Ogawa Tyler midpoint pic

Tyler was born and raised in Hilo, and graduated from Waiakea High School in 2019. He is currently attending the University of Hawaii at Hilo and is pursuing a degree in Astronomy. Tyler was always interested in science and astronomy as a child, and hoped to one day work for the observatories on Mauna Kea. In the future, he hopes to attend grad school and study electrical engineering, and continue to work for the observatories on Mauna Kea. In his free time, Tyler takes part in taiko drumming, community service, playing Nintendo games, and karaoke with his friends.

Home Island: Big Island of Hawaii

High School: Waiakea High School

Institution when accepted: University of Hawaii at Hilo

Akamai Project: Looking for Unresolved Companions of Low-Mass Wide Binaries in TESS Light Curves

Project Site: Gemini Observatory, Hilo HI

Mentor: Zachary Hartman

Project Abstract:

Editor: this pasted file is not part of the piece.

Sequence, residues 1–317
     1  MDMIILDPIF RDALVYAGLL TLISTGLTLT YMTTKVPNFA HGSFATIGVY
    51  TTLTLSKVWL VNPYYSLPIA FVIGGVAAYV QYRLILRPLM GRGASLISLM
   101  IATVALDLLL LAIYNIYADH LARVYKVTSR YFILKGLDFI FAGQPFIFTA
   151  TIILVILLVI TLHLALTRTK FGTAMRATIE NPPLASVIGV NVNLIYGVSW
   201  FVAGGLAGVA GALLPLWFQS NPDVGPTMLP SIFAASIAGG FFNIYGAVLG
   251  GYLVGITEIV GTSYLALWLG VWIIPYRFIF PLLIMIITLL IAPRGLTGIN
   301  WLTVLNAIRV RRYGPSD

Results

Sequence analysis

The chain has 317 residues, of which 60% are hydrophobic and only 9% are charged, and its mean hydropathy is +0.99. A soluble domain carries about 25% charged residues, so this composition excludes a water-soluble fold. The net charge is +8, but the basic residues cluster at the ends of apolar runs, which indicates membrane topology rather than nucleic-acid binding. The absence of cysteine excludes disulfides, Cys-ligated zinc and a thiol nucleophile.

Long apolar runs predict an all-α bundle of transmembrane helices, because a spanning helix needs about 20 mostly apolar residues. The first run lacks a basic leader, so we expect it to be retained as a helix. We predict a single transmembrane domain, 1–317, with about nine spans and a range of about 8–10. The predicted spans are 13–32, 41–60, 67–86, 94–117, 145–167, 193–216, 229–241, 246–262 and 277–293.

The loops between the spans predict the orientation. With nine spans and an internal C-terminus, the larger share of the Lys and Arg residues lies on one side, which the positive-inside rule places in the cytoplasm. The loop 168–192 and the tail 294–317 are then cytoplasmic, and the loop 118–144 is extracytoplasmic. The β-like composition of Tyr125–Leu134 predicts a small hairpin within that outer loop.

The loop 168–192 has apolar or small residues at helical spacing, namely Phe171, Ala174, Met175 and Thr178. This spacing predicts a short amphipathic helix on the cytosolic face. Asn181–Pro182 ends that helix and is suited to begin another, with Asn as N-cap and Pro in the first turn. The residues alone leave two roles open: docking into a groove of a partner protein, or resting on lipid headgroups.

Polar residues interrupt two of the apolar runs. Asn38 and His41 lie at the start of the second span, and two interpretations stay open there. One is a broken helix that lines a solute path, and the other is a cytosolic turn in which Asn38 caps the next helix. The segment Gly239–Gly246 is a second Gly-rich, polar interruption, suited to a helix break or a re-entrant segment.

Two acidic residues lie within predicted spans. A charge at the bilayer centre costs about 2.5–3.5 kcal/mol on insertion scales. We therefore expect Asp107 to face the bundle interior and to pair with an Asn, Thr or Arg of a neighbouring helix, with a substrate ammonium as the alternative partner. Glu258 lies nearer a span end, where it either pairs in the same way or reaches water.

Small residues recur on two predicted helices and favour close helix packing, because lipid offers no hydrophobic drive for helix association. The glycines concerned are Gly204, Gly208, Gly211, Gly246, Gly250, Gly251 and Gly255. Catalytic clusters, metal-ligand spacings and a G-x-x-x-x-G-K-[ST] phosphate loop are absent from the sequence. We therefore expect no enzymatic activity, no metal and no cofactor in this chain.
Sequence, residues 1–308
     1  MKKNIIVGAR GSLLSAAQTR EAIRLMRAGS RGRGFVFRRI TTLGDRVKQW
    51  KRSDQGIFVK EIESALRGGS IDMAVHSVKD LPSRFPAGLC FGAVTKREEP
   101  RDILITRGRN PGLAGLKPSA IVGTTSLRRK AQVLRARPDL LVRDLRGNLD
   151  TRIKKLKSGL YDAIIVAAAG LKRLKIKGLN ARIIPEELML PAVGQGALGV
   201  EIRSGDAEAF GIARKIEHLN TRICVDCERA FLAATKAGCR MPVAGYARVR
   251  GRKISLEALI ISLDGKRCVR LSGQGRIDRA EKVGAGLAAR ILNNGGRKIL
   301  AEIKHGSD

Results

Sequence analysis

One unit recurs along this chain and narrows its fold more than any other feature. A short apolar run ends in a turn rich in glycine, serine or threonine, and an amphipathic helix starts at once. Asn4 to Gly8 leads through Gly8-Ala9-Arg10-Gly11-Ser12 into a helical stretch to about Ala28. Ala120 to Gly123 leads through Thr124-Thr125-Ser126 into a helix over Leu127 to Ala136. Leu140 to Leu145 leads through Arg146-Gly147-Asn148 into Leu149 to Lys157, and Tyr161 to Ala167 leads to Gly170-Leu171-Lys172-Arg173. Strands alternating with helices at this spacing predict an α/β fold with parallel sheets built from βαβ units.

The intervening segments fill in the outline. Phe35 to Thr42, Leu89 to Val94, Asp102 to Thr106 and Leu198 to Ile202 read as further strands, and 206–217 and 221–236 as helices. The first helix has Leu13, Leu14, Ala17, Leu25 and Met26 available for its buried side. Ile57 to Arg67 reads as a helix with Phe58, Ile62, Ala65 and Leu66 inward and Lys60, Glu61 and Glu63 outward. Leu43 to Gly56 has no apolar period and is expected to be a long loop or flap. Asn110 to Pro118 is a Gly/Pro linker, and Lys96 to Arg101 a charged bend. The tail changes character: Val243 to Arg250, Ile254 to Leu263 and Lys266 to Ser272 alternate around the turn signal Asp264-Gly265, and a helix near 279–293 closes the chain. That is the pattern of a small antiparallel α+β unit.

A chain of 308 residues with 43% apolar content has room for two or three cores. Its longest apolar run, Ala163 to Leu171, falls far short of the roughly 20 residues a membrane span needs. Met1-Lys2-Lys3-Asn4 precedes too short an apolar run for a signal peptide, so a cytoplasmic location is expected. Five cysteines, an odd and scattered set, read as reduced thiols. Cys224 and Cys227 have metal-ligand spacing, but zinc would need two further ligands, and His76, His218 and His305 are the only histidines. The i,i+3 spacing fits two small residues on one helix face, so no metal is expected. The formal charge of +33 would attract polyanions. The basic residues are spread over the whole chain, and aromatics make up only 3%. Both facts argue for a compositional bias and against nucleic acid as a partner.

Binary star systems consist of two stars that are gravitationally bound to one another, whether they are close binaries with separations smaller than 1 AU, or wide systems with separations of 10,000 AU or more.  Yet sometimes, one of the components in these systems is a binary itself with an unresolved companion, making the system a higher-order multiple, i.e. a system that contains three or more starsFor solar-type wide binaries, the higher-order multiplicity fraction is roughly 50%.  However, the value of this fraction is not well known for low-mass wide binaries.  The goal of this project is to compare the higher-order multiplicity of low-mass wide binaries to solar-type wide binaries.  To do this, I examined the primary components of 8082 low-mass wide binary systems to find evidence of eclipsing binaries and fast rotation.  I used the LightKurve package to plot light curves from the TESS Quick Look-up Pipeline (QLP), then visually search for evidence of variability.  In this sample, I found 4939 components with light curves available from the QLP, from which I identified numerous eclipsing binaries, fast rotators, and variable systems.  I also plotted their locations on a classical H-R diagram, as well as examined where these systems fall on the “Lobster” diagram, a plot that compares the overluminosities of the primary and secondary components of the wide binary.  Finally, I compared my lower limit for higher-order multiplicity to previous results for K+K wide binary systems and for solar-type wide binaries.